This month is Father's Day.
But he's not around anymore. Nine days after my birthday, dad passed away on June 26, 1994 at the age of 59. He was admitted to the hospital on June 24 and in his sleep in the early morning of the 26th, quietly left us. Even in his final day, it was done with no drama.
My dad was the eldest in a brood of 10 children. Alfonso (dad), Antonio, Albino, Armando, Arturo, Andres, Alejandro, Alberto, Aida, and their adopted sister, Carmen. My grandparents were migrants from mainland China. The story of my father starts off like many Chinese migrants who grew from rags to riches.
Their family started selling in the public markets and later grew to owning financing and insurance companies, movie houses, wineries and government officials! But like all rags to riches stories, there was the downfall of the empire. Drugs, gambling, women and greed became the downfall of my dad's family.
I grew up in Tacloban City where my dad had to manage the family's illegal winery. My mother would tell me that NBI agents would raid the winery in the middle of the night and beat up my father for them cough up money. It tore my mother's heart and my dad suffered from type I diabetes mellitus. After 6 years, we moved back to Manila only to find out that all the money dad had sent back home were "sequestered" by his family in order to keep the financing business, which was losing money because of mismanagement, alive.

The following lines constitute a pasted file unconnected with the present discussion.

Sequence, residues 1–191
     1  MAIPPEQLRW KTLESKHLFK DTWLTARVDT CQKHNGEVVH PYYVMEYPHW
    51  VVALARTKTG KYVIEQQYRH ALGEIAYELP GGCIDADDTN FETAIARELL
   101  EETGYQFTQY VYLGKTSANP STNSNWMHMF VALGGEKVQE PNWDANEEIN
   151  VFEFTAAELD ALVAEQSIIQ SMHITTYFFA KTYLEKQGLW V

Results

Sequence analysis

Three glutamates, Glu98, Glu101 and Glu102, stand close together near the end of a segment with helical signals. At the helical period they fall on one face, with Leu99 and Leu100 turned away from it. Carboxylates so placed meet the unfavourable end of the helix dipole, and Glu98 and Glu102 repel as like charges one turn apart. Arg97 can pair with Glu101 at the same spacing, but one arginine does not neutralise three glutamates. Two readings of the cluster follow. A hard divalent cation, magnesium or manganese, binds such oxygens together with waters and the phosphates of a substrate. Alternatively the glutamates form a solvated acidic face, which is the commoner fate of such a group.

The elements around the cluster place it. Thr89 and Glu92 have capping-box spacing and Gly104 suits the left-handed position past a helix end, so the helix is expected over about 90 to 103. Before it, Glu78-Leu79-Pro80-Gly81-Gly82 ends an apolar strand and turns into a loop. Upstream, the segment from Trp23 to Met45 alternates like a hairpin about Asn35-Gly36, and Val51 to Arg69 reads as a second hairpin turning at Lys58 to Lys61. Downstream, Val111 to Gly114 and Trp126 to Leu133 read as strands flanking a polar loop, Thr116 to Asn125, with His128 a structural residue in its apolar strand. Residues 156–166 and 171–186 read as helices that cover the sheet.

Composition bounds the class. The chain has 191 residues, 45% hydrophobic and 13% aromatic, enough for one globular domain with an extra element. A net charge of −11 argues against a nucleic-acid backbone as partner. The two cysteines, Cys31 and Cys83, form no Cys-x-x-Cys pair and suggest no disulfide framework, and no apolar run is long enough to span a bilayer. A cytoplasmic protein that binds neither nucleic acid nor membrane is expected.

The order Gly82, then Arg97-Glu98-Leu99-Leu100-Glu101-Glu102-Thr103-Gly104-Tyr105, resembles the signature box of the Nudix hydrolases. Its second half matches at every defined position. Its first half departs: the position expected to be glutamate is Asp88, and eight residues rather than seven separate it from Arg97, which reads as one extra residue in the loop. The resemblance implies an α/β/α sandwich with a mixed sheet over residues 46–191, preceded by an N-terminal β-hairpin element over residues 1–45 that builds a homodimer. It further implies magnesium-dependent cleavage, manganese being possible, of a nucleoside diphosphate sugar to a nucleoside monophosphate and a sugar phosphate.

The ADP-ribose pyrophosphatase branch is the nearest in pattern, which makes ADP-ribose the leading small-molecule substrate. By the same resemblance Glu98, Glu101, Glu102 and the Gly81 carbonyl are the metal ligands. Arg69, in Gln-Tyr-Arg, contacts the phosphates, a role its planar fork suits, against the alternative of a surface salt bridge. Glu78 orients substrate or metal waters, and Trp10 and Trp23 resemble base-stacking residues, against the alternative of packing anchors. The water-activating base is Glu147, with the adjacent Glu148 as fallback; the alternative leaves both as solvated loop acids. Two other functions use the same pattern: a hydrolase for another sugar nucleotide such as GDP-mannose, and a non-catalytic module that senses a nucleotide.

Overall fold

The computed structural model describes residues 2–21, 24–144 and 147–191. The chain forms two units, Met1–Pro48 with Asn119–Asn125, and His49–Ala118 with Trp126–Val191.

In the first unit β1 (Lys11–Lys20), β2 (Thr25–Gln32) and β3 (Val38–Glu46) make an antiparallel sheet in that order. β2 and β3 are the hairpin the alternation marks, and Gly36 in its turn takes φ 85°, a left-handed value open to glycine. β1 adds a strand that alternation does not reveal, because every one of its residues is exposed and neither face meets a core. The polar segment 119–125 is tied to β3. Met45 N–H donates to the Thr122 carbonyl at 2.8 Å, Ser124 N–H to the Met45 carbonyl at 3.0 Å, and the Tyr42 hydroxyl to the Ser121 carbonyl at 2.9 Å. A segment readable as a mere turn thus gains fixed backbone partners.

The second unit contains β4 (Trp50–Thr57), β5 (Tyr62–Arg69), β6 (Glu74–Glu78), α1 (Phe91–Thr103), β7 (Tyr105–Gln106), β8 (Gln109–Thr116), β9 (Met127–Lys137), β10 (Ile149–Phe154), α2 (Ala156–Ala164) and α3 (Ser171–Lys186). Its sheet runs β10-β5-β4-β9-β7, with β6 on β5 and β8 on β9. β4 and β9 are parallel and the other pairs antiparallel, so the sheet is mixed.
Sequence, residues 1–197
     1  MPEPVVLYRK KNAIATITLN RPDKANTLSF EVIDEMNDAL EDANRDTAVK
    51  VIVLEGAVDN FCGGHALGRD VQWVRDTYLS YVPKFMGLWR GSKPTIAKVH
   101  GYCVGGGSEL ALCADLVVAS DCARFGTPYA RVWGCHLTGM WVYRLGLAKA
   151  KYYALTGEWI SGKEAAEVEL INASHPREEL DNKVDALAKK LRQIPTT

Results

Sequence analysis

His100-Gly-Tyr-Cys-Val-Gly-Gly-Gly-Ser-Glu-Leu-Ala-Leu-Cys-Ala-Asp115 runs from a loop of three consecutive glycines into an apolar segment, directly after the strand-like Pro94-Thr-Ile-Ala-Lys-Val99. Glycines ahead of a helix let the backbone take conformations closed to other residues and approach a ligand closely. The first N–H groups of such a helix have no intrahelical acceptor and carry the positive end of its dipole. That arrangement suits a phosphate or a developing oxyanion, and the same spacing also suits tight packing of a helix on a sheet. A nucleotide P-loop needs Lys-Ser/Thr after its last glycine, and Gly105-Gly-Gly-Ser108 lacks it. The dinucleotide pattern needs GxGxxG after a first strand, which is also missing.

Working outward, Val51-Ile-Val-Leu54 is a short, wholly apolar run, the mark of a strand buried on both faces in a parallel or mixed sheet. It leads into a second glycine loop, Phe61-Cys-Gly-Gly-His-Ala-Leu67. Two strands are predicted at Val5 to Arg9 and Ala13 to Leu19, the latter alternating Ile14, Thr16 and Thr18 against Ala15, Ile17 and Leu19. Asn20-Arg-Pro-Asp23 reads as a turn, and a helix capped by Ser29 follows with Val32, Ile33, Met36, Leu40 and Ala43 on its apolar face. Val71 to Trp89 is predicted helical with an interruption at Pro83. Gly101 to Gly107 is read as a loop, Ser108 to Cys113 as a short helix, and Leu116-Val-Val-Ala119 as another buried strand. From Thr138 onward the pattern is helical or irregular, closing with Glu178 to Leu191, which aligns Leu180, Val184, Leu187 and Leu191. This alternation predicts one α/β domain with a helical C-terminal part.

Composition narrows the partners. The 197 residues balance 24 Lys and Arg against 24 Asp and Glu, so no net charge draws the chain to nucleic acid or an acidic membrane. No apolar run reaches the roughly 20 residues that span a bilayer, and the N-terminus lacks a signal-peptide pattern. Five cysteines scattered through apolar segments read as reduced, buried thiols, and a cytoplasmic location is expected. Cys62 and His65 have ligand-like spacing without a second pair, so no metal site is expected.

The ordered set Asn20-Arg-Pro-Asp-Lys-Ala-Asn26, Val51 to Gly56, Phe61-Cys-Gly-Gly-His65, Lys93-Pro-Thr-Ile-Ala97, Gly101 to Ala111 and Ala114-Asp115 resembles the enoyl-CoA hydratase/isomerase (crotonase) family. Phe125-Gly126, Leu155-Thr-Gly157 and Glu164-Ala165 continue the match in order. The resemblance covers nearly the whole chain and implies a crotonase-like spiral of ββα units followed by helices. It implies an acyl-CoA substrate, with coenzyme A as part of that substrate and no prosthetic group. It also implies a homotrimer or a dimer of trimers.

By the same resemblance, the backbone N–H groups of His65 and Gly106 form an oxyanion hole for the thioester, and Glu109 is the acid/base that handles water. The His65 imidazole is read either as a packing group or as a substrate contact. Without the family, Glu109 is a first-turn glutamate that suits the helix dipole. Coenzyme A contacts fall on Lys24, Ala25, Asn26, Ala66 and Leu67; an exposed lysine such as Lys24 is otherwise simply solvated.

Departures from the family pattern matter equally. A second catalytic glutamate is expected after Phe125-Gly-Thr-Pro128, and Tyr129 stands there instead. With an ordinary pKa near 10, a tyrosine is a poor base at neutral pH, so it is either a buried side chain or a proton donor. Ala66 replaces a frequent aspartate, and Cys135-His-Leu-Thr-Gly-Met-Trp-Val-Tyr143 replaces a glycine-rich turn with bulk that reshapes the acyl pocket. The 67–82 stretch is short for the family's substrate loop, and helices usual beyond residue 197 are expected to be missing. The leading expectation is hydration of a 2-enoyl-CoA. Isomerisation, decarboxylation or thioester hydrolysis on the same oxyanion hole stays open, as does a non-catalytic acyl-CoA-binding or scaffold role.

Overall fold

Two kids, a wife and jobless, my grandparents threw us out and we literally were on the streets living off what my mom's parents had sent them. My dad had managed to juggle various jobs - from the illegal jueteng "kubrador" in Laguna to the salesman who sold shoes in Marikina - there was no greater man who made ends meet to give us food on the table, a roof on our head, and schooling for us, than this man I am proud to have shared 35 years of my life and called Dad.
It was not until he was almost 40 years old that my parents decided to buy a lot in Alabang, Muntinlupa. It took us out of our comfort zone of living in various apartments and in 1975, we were finally going home. Mind you, Alabang at that time was a municipality and our neighbors were cogon grasses. The house that my Dad built out of blood, sweat and tears is the house I still live in today.
It is in this house that our family found love in the most unexpected time, learned to sacrifice in order to survive, and yes, it was in this house that we found home.
I knew that Dad did not have much luxuries as he saved them to provide us with our needs and wants by putting his family first.
Through him we have learned integrity, loyalty, love, sacrifice and respect.
Half the story of my dad has been told, entwined in my life, my sister's and my mom's...
Mom would always tell me, after dad had passed away, that my father would have been proud of me, were he still alive today. In fairness to my sister, my dad would have been equally proud of her.
Me and my sister are the other half of the story.